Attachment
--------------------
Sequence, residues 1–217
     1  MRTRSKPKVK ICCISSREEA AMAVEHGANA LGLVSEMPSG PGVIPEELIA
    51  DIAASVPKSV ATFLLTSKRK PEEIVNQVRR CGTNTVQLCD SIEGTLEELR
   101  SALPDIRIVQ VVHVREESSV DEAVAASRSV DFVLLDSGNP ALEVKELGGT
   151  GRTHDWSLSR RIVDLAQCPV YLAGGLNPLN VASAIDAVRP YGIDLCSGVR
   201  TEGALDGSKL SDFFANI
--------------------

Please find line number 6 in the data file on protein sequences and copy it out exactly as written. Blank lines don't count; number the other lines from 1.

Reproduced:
   201  TEGALDGSKL SDFFANI